Aussies spend more on bare necessities

article header

Australians are seeing basic expenses gobble up a larger share of their household budgets, but are experiencing less financial stress, according to new figures released from the Australian Bureau of Statistics (ABS).

The cost of living

According to the 2015-16 Household Expenditure Survey (HES), approximately 59% of weekly household spending went towards the basic essentials, such as housing, food, energy, health care and transport. This is up from the 56% of household spending on basics recorded in 1984.

Largest contributors to household spending:

1984 2015-2016
Food (20%) Housing (20%)
Transport (16%) Food (17%)
Housing (13%) Transport (15%)

While spending on housing was found to have increased by 25% since the last ABS survey in 2009-2010, larger increases in spending were recorded for education (44%), household services and operations, such as cleaning products and pest control services (30%), energy (26%), and health care (26%).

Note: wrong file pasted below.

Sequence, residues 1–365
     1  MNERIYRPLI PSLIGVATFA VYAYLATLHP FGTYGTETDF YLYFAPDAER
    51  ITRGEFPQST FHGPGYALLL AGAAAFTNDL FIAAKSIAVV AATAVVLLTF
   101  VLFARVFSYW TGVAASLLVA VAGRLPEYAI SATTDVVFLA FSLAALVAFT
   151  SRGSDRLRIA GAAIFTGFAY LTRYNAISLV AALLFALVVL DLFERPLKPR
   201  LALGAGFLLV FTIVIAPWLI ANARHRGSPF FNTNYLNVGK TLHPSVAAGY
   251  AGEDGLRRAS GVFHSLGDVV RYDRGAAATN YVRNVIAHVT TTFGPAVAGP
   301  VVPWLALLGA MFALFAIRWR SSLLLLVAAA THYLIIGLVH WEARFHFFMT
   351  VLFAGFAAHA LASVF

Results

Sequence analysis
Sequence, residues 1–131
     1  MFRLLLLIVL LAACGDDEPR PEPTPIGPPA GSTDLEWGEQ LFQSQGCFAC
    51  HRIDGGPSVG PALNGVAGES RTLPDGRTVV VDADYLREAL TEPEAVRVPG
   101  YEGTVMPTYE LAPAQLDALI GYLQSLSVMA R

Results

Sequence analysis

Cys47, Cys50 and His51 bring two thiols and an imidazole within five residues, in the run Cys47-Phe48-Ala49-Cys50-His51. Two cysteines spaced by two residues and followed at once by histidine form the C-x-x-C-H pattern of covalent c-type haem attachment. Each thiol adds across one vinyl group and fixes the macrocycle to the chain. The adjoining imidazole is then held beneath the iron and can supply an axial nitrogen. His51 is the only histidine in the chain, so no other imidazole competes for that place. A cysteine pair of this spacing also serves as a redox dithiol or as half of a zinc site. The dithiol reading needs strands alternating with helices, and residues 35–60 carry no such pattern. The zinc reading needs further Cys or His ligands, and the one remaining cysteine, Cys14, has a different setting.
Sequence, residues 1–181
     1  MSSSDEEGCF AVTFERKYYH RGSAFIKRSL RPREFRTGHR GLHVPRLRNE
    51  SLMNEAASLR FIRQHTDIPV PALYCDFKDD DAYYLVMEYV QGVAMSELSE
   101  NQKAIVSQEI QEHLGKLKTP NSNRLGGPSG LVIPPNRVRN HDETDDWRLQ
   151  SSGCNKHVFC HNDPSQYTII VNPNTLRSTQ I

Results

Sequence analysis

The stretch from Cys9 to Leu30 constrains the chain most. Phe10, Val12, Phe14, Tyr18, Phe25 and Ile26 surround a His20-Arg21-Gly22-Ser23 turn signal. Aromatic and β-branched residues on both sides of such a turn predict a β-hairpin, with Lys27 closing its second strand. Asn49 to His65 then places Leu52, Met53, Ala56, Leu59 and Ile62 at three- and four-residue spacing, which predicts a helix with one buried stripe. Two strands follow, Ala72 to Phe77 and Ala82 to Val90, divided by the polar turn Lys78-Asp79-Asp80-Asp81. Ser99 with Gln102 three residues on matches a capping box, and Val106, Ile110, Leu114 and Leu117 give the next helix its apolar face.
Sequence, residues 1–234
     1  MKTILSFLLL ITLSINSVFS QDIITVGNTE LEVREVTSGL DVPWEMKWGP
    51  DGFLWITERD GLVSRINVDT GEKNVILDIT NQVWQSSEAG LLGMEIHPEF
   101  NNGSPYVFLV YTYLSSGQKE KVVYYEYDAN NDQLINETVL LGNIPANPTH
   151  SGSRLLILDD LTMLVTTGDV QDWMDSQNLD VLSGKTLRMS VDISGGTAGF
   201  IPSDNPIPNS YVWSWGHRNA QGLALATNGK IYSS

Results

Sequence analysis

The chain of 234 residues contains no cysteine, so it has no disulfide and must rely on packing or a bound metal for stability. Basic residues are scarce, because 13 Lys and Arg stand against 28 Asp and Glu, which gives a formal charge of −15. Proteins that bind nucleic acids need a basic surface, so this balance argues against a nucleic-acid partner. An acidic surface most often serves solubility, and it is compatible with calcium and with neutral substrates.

Stress free living?

The ABS survey also found that in 2015-16, 1.3 million Australian households (15%) reported four or more markers of financial stress, down from 16% in 2009-10. What’s more, the proportion of Australian households who did not report experiencing any markers of financial stress was found to have steadily increased, from 54% in 2009-10 to 59% in 2015-16.

It remains to be seen whether this situation could change if the housing market were to shift – separate ABS data classifies around three-in-ten Australian households (29%) in 2015-2016 as ‘over-indebted’, with mortgaged households being the most likely (47%) to be over-indebted.

With many over-indebted households (77%) lacking sufficient liquid assets (e.g. cash, shares) to cover a quarter of the value of their debts, these households could be at risk of defaulting on their loans if their incomes are not sufficient to meet repayments.


^Words such as "top", "best", "cheapest" or "lowest" are not a recommendation or rating of products. This page compares a range of products from selected providers and not all products or providers are included in the comparison. There is no such thing as a 'one- size-fits-all' financial product. The best loan, credit card, superannuation account or bank account for you might not be the best choice for someone else. Before selecting any financial product you should read the fine print carefully, including the product disclosure statement, fact sheet or terms and conditions document and obtain professional financial advice on whether a product is right for you and your finances.

Compare your product with the big 4 banks, or add more products to compare
As seen on